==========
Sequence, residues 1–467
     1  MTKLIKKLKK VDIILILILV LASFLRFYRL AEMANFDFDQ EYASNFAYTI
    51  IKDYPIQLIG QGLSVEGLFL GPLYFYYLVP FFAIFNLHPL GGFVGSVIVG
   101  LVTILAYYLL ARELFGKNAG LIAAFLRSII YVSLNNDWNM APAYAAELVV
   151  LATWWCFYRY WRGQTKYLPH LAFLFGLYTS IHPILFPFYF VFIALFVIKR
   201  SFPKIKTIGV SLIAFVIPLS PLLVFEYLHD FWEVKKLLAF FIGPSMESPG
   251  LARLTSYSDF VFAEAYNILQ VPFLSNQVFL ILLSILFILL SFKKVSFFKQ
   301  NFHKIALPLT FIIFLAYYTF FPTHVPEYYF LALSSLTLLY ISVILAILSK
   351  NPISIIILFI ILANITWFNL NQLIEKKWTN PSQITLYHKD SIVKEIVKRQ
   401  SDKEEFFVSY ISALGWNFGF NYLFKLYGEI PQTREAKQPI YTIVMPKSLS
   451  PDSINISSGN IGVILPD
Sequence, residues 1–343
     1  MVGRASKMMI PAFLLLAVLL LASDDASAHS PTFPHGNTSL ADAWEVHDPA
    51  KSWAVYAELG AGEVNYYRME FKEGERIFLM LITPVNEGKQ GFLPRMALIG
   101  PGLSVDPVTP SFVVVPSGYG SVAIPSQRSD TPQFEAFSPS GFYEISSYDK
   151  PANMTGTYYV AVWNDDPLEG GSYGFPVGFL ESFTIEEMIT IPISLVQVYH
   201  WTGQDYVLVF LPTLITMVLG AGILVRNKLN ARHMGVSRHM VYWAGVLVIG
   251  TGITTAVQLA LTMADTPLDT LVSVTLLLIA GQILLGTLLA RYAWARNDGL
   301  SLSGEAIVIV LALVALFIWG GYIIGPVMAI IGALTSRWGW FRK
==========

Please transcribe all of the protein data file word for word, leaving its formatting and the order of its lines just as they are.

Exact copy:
Sequence, residues 1–467
     1  MTKLIKKLKK VDIILILILV LASFLRFYRL AEMANFDFDQ EYASNFAYTI
    51  IKDYPIQLIG QGLSVEGLFL GPLYFYYLVP FFAIFNLHPL GGFVGSVIVG
   101  LVTILAYYLL ARELFGKNAG LIAAFLRSII YVSLNNDWNM APAYAAELVV
   151  LATWWCFYRY WRGQTKYLPH LAFLFGLYTS IHPILFPFYF VFIALFVIKR
   201  SFPKIKTIGV SLIAFVIPLS PLLVFEYLHD FWEVKKLLAF FIGPSMESPG
   251  LARLTSYSDF VFAEAYNILQ VPFLSNQVFL ILLSILFILL SFKKVSFFKQ
   301  NFHKIALPLT FIIFLAYYTF FPTHVPEYYF LALSSLTLLY ISVILAILSK
   351  NPISIIILFI ILANITWFNL NQLIEKKWTN PSQITLYHKD SIVKEIVKRQ
   401  SDKEEFFVSY ISALGWNFGF NYLFKLYGEI PQTREAKQPI YTIVMPKSLS
   451  PDSINISSGN IGVILPD
Sequence, residues 1–343
     1  MVGRASKMMI PAFLLLAVLL LASDDASAHS PTFPHGNTSL ADAWEVHDPA
    51  KSWAVYAELG AGEVNYYRME FKEGERIFLM LITPVNEGKQ GFLPRMALIG
   101  PGLSVDPVTP SFVVVPSGYG SVAIPSQRSD TPQFEAFSPS GFYEISSYDK
   151  PANMTGTYYV AVWNDDPLEG GSYGFPVGFL ESFTIEEMIT IPISLVQVYH
   201  WTGQDYVLVF LPTLITMVLG AGILVRNKLN ARHMGVSRHM VYWAGVLVIG
   251  TGITTAVQLA LTMADTPLDT LVSVTLLLIA GQILLGTLLA RYAWARNDGL
   301  SLSGEAIVIV LALVALFIWG GYIIGPVMAI IGALTSRWGW FRK